“How do you DO it?” people ask me all the time. How do you keep paying your bills as an un*employed single parent? (un*employed is my shorthand for unemployed or underemployed, similar to how ve*gan includes vegans and vegetarians–groups that have much in common). The answer is what I call the full-time “job” of the un*employed.
When you’re out of work or underemployed, how to supplement your “unlivable wages” becomes the problem du jour in your life. Part of my secret to getting by is that how to pay the next bill consumes my every waking moment, my every thought when I am eating, showering, using electricity, paying bills, looking for work, considering an invite from friends, writing this blog, or driving to the food pantry. My full-time job was (and still is) figuring out how to stem the tide of money going out and increase the amount coming in.
Woe is the person who asks an un*employed person, “What do you DO all day?” If you’ve ever been without work, you know finding it consumes your day: networking, searching for job openings, sorting through email, applying, drafting cover letters, customizing your resume for each position, registering for job services, dealing with recruiters, and attending job fairs. Work not forthcoming, you have to find the money for rent and mortgage: can you borrow it from your home equity line of credit? Refinance your home or car? Use your income tax refund? Cash out your kids’ college savings funds? Take it from your retirement (never a good idea)? Each one of those choices takes days of work during business hours to deal with banks, creditors, and retirement account agents.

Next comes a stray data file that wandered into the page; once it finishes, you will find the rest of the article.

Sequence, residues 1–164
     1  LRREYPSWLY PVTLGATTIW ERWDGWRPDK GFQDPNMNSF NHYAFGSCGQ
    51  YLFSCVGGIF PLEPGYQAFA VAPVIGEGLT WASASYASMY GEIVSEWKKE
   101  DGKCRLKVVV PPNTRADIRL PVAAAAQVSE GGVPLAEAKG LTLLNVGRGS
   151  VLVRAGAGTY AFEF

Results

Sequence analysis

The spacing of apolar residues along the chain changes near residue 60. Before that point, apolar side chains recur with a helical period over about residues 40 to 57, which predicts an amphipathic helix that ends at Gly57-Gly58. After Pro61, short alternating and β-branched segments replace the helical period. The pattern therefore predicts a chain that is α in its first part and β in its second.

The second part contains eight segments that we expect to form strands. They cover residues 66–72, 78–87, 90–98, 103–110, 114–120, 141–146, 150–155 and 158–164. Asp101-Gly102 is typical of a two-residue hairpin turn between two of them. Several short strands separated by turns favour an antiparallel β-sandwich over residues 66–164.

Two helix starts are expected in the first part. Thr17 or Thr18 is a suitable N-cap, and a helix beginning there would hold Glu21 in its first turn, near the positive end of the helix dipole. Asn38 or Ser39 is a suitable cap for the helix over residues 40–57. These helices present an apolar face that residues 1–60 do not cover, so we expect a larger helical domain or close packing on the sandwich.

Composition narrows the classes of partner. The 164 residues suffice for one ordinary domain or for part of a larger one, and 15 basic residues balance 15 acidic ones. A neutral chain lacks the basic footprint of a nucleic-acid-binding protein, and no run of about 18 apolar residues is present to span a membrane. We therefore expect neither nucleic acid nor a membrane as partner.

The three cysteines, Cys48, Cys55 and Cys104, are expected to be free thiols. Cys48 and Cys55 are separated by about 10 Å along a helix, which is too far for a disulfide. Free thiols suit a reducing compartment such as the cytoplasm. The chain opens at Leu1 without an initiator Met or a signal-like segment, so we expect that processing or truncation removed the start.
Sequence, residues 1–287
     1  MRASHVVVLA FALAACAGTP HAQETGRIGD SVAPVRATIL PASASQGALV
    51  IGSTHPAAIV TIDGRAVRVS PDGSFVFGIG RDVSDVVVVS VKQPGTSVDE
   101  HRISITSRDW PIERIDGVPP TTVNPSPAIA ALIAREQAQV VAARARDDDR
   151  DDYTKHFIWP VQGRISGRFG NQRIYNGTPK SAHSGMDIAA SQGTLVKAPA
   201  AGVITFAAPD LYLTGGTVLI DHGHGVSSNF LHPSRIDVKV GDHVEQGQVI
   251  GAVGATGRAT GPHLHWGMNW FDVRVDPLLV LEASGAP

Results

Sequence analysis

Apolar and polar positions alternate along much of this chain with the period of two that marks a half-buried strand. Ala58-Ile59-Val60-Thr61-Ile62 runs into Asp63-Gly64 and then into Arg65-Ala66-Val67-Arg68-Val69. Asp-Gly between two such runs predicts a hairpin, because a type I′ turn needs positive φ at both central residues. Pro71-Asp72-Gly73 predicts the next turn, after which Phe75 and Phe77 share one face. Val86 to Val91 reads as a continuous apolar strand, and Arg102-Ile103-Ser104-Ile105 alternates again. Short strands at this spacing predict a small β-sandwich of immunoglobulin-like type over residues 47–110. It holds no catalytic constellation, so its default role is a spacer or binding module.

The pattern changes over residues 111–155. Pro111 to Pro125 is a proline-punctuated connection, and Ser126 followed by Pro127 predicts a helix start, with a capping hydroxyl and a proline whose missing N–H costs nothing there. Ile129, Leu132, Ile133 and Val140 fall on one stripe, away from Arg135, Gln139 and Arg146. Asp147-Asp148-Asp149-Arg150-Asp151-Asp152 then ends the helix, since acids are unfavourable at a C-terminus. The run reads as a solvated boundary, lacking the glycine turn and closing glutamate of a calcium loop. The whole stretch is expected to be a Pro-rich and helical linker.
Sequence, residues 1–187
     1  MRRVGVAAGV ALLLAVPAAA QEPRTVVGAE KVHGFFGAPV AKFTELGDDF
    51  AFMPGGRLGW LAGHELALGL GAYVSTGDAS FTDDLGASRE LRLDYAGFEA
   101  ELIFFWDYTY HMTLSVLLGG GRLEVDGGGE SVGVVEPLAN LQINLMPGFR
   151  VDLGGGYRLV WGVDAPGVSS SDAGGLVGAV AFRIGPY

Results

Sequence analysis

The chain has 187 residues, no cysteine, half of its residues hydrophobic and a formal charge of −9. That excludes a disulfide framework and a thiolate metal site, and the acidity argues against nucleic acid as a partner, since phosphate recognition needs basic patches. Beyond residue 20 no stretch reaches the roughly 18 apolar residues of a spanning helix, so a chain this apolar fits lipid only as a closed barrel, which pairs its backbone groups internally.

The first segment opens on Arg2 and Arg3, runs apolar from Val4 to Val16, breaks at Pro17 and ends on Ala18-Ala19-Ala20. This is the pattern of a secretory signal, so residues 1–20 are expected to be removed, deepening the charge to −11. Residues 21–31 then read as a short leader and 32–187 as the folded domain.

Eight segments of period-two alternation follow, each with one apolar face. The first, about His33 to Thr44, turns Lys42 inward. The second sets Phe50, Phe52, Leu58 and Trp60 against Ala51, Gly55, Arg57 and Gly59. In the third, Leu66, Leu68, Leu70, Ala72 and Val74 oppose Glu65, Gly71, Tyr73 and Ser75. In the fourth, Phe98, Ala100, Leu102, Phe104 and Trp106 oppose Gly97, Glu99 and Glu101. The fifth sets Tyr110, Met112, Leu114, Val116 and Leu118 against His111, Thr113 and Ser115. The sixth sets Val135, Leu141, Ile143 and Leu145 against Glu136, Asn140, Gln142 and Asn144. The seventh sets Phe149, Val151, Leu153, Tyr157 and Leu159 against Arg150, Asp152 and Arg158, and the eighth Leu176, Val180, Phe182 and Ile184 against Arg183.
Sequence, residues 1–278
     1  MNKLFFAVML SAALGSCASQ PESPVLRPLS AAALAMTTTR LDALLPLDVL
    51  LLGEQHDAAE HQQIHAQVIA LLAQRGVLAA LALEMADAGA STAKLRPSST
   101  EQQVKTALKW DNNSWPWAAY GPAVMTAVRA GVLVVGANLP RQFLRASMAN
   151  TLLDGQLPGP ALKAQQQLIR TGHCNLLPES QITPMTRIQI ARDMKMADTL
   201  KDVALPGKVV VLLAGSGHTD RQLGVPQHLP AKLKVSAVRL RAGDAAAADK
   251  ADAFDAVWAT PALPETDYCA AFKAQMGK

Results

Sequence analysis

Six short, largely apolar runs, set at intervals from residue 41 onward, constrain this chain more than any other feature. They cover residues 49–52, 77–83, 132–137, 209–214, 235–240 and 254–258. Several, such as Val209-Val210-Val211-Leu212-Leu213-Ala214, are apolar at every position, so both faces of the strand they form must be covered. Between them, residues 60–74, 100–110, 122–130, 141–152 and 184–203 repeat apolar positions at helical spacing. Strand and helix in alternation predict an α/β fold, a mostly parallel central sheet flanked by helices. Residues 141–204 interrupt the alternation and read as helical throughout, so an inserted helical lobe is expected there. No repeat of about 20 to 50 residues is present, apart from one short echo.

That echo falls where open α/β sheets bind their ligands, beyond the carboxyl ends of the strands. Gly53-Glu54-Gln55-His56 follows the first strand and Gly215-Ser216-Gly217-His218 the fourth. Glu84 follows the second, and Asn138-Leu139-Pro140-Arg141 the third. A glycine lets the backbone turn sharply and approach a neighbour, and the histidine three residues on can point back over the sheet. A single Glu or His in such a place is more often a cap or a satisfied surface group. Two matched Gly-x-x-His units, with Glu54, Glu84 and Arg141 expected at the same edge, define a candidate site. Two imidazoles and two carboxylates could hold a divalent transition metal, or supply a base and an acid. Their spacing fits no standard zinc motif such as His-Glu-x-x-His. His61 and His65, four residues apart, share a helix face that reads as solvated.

I have spent weeks on the phone with my mortgage lender to try and qualify for mortgage refinancing or modification via the Home Affordable Mortgage Program. Hey, how about that? A program for people like me in danger of foreclosure! For five months, I filled out paperwork, faxed documents, and responded to more requests for paperwork, only to be told that I don’t qualify because 1) I am not behind in my payments and 2) I don’t make enough money to pay my mortgage even if it were refinanced. Ridiculously, I have never missed a payment in spite of the fact that my mortgage lender says I don’t have enough income to do so. They would rather foreclose on my home than risk giving me a mortgage. So I rebel and continue to pay it. If I am late or miss a payment, the fines and fees will begin, and so starts the process of me losing my home. I don’t feel like being late is an option: if I lose my home, and I don’t have a job, I can’t get another one. I can’t get another mortgage or even rent an apartment because I don’t have a job! I don’t have family I can move in with nearby, so I am dedicated to paying that mortgage.
You can spend hours a day on the phone with the unemployment office or the health insurance office, asking what happened to your check, or disputing a mistake. In both NH and MA, you are usually stuck for an hour waiting on the phone for a real person while you listen to terribly repetitive synthesizer music with the oft-repeated message: “Your call is important to us. Please remain on the line for the next available agent. Your call will be answered in the order it was received.” You may wait on-hold for hours, only to reach a robo-message telling you the office is now closed so you’ll have to call back later–meaning a week from now because Tuesday is the only day for social security numbers ending in “2.” I’ve waited on hold for an hour, reached a person, only to be disconnected and have to do it over again! I swear, the tune of the on-hold music in the unemployment office haunts my dreams–a synthesized baseline of two notes going back and forth with an occasional cymbal crash. I am not kidding!